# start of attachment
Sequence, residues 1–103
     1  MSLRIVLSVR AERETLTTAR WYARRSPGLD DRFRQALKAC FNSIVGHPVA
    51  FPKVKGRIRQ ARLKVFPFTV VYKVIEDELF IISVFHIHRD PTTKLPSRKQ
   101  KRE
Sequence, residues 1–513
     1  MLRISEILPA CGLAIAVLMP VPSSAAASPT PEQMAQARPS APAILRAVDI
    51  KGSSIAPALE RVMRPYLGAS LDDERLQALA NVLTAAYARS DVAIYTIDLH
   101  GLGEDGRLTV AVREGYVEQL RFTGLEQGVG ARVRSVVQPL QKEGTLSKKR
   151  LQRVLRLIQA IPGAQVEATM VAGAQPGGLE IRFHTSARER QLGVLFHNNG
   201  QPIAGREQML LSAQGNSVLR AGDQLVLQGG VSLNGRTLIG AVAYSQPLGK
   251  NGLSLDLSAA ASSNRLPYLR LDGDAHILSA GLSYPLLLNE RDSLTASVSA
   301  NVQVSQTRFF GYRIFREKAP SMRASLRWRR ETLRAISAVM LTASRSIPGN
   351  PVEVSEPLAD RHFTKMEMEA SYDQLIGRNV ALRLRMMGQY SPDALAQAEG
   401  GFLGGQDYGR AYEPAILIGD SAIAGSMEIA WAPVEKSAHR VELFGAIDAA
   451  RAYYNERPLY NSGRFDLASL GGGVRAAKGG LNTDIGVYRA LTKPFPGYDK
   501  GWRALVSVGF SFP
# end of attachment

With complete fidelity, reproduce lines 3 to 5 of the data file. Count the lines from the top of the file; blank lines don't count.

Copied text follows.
    51  FPKVKGRIRQ ARLKVFPFTV VYKVIEDELF IISVFHIHRD PTTKLPSRKQ
   101  KRE
Sequence, residues 1–513